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'Hell and Night must bring this Monstrous Birth into the World's Light.' How Successful is the Character Iago in fulfilling his Ambitions in Shakespeare's Othello?

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Introduction

'Hell and Night must bring this Monstrous Birth into the World's Light.' How Successful is the Character Iago in fulfilling his Ambitions in Shakespeare's Othello? 'Hell and night must bring this monstrous birth to the world's light' (Act 1 sc. 3 L.385-6). This is said by the character Iago during a soliloquy at the end of Act 1 scene 3. This statement could take on many different meaning depending on how it is interpreted. I think that it means that whatever Iago has to do, he will tell everyone that Othello is an evil man. He thinks this because he believes that he has slept with Emilia, Iago's wife, "'twixt my sheets he's done my office," (Act 1, sc 3, line 369-370). However, it has many other subtle messages and meanings. Iago could be referring to his evil plan because "hell" tends to be used in the context of evil deeds. Also, Othello has previously been associated to a devil. His use of "night" could be hinting that he will perform his plan under the cover of darkness however, it also has racial connections, night-time being dark or black, and the colour of Othello's skin. When "monstrous" is said another connection with evil doings is established. It makes the plan seem extravagant and complicated and perhaps dangerous, I think it may be referring to danger because, in legend, monsters are always associated with danger. The use of "birth" could be showing that the birth of his plan draws parallel between the birth of Othello and Desdemona's love and Iago. The birth of a child brings blood and pain so Iago could be suggesting the nature of his plan, murder. ...read more.

Middle

and "white ewe" (act 1, sc 1 line 88). He does this so that the events are clearer to the audience and are easier to understand. Shakespeare uses figurative language and linguistic patterns to help to reinforce the themes and ideas that the dramatist wishes to explore. In Act 3 Scene 3, Iago is trying to convince Othello of Desdemona's infidelity. To do this Iago uses a large number of hints, arguments and insinuations in order to persuade him of a lie. Iago says, "Ha! I like that not." (Act 3, sc 3, line 35) where he is referring to Desdemona talking to Cassio. He does this to make Othello feel insecure about his relationship with Desdemona and to make Othello demote Cassio so that he is kept away from Desdemona in order for Iago to gain Cassio's position. He also says, "he would steal away so guilty-like seeing you coming." (Act 3, sc 3, line 43-44) This makes Othello suspicious of Cassio as well as angry with Desdemona for supposedly cheating on him. He then tries to convince Othello that he is an honest man and in no way jealous of anything, "My lord, you know I love you." (Act 3, sc 3, line 118). He does this so that Othello thinks he can believe all that Iago says as the truth. Iago then attempts to make Othello suspicious of Desdemona's every action so Othello decides to watch her constantly. He gets Emilia, Iago's wife, to do this for him, "Set on thy wife to observe", (act 3, sc 3, line 242). ...read more.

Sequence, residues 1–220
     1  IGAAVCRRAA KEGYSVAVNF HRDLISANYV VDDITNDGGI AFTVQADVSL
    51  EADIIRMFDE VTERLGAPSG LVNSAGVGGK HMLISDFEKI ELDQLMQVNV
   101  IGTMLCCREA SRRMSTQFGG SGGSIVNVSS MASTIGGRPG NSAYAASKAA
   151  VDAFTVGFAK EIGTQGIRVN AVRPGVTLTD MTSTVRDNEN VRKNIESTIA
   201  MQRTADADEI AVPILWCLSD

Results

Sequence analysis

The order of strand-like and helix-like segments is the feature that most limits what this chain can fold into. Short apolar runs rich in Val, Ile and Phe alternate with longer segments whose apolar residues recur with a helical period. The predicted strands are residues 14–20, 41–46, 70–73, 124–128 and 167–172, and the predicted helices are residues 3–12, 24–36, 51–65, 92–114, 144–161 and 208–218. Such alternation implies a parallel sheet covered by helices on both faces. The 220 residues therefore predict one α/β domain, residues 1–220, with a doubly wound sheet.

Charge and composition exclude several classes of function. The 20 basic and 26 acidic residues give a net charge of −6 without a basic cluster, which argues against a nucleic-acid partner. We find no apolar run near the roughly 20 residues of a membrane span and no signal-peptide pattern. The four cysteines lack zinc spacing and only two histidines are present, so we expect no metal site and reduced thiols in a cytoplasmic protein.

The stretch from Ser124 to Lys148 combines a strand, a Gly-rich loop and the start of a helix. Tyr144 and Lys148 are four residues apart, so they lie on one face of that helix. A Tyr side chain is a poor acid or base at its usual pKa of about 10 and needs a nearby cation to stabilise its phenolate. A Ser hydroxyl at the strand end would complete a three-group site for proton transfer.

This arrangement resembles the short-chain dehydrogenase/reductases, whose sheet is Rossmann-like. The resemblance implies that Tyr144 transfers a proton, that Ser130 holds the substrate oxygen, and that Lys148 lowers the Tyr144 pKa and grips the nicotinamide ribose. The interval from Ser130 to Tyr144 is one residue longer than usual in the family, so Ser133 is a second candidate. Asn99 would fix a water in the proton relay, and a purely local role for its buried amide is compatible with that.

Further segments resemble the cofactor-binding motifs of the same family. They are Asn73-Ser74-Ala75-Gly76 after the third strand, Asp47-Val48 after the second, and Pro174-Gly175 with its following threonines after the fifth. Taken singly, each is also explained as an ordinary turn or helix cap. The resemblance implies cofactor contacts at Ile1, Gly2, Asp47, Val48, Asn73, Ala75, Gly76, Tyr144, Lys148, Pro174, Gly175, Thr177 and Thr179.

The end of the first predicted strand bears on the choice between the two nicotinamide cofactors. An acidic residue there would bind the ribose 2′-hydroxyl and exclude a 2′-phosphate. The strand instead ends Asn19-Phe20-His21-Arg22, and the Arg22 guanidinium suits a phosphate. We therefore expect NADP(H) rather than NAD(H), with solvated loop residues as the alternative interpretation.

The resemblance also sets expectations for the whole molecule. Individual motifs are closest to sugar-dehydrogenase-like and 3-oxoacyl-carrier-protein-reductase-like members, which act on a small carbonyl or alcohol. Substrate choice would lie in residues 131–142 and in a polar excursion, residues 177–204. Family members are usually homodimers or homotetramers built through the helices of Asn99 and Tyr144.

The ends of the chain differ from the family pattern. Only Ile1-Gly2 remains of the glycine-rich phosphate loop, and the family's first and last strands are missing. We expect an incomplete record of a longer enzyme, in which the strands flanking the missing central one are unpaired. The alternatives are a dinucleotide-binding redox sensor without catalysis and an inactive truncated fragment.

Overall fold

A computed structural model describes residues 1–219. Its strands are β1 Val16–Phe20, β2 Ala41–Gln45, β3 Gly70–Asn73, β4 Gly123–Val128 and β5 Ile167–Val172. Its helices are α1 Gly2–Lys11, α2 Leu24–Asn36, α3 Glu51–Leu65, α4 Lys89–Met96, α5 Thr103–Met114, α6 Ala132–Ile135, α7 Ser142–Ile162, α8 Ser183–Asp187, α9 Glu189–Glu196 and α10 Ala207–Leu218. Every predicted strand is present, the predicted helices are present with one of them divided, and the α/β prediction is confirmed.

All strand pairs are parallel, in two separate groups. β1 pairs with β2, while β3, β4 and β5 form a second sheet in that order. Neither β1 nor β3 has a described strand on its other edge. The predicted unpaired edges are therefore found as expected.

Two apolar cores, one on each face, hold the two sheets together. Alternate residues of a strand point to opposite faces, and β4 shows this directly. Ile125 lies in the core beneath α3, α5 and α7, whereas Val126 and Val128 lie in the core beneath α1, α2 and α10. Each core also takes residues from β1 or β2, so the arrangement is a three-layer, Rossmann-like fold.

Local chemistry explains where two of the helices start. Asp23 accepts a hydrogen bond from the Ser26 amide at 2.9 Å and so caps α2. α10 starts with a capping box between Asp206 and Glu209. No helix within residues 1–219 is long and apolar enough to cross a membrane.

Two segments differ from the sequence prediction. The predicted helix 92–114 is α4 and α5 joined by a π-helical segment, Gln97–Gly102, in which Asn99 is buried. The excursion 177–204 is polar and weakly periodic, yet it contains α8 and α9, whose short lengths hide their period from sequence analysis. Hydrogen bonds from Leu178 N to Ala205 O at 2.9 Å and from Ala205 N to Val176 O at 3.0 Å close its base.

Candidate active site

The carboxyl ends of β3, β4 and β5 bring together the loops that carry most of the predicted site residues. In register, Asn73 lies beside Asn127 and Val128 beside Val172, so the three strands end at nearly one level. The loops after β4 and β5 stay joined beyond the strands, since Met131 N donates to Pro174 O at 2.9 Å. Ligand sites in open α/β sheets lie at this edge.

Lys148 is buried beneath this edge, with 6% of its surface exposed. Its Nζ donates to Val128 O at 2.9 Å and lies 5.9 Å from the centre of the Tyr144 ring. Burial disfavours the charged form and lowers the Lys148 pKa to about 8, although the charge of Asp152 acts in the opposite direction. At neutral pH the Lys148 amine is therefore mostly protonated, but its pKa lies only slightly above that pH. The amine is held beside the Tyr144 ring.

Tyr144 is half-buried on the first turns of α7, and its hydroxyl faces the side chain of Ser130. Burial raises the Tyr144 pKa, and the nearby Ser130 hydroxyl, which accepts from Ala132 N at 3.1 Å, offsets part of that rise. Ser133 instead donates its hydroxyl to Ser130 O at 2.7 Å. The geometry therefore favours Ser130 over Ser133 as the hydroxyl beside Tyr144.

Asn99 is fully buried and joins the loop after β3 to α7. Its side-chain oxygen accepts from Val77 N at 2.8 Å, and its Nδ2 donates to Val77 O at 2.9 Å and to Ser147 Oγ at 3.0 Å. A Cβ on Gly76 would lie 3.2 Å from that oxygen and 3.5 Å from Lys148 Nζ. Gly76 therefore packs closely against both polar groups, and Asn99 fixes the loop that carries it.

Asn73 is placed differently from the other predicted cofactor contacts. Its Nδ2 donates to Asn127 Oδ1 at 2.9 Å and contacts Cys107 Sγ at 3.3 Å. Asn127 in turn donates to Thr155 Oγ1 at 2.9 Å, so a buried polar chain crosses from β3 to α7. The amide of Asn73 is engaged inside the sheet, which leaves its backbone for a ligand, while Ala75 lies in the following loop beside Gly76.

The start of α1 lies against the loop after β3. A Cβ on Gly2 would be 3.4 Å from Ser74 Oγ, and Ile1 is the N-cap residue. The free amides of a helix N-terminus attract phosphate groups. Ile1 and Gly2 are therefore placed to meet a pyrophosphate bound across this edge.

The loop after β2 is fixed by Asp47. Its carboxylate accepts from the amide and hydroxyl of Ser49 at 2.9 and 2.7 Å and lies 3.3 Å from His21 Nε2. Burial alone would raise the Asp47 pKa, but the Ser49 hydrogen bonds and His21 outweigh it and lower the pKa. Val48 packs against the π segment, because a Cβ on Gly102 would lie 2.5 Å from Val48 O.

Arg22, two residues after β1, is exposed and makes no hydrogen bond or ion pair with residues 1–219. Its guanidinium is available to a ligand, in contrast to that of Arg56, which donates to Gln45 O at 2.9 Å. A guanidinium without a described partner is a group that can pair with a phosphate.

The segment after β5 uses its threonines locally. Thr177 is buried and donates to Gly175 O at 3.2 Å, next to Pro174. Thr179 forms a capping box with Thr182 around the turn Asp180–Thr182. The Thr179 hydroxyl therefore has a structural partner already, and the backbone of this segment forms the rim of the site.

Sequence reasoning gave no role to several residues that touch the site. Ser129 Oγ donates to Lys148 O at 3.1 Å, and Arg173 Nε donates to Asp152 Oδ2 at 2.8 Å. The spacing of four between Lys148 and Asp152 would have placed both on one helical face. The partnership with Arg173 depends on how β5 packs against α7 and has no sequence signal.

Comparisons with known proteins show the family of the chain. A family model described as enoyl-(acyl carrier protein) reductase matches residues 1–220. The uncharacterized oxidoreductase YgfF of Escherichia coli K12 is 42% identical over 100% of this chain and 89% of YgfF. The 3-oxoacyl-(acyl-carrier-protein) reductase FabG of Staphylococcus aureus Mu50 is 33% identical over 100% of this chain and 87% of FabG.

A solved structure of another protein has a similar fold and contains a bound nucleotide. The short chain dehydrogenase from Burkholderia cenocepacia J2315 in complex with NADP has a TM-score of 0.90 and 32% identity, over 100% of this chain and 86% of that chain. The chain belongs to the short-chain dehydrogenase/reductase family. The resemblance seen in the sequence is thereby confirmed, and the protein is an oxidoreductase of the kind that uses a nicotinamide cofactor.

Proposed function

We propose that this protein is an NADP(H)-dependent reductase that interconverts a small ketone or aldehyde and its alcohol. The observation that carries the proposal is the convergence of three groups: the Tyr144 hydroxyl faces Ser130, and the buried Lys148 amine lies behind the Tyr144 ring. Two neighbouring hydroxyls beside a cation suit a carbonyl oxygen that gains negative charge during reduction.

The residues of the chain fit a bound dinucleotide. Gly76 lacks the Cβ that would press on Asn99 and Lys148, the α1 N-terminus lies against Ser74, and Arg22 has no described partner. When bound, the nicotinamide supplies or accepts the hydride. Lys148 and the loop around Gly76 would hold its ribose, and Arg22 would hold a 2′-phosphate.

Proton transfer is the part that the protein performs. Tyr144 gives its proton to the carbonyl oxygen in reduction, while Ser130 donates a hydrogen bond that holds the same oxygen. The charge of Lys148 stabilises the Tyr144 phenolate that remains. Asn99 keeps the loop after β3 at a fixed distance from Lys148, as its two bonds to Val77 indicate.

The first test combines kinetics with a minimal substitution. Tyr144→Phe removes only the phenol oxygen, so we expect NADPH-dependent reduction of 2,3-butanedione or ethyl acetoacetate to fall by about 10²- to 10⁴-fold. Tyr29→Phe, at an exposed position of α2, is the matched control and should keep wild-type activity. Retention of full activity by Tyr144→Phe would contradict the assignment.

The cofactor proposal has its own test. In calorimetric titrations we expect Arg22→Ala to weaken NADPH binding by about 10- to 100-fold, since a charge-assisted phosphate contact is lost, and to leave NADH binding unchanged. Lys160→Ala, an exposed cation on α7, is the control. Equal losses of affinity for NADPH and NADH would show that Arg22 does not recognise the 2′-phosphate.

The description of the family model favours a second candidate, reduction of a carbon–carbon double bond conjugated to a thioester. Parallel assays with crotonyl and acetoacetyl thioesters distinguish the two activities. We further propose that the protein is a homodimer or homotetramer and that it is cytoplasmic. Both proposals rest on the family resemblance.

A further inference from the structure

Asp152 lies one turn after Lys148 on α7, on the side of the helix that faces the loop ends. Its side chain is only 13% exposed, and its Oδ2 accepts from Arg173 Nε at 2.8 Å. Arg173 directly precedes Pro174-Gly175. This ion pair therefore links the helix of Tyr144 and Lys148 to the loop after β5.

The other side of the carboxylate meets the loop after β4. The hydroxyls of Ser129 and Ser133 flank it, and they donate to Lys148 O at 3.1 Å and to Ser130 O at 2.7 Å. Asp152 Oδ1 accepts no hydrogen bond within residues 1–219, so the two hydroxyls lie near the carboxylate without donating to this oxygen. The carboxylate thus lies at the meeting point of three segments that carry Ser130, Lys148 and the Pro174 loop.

Conclusion

Therefore, if it is given away then their relationship would end and their love would take separate paths. Ultimately, the handkerchief marked the beginning and the end of the relationship because it gave Othello the proof that he needed to persecute Desdemona. Throughout the play Othello, more and more of Iago's ambitions appear to emerge. He did succeed in getting Cassio demoted, he did destroy Othello and Desdemona's relationship and he did gain money from Roderigo so overall his plan was a success. However, none of this occurred without personal losses, he killed his wife and was injured. To a certain extent this did lessen his success because in the end he sacrificed a lot and gained nothing. Othello died knowing that he was not betrayed by Desdemona, he could not gain Cassio's ranking because the job no longer existed and money is no use in prison, however he did ruin many lives. Iago mentions a variety of intentions openly however it is possible that he had darker ones that he did not expose to the audience. These may have included taking over Othello's ranking, being romantically linked to Desdemona or perhaps Othello himself considering the homosexual meaning of the play. Ultimately, it was jealousy that caused the bulk of Othello and Desdemona's misfortune however this jealousy was formed from thin air by Iago. If Othello had not been so troubled by jealousy then their relationship may have survived. In Shakespeare's Othello, the character Iago is fairly successful in fulfilling his ambitions however he did not do it purely himself. He played on others weaknesses so as to get what he wanted. His success would have been far greater if it had not caused so many casualties and fatalities. Hannah Smith March 05 1 ...read more.

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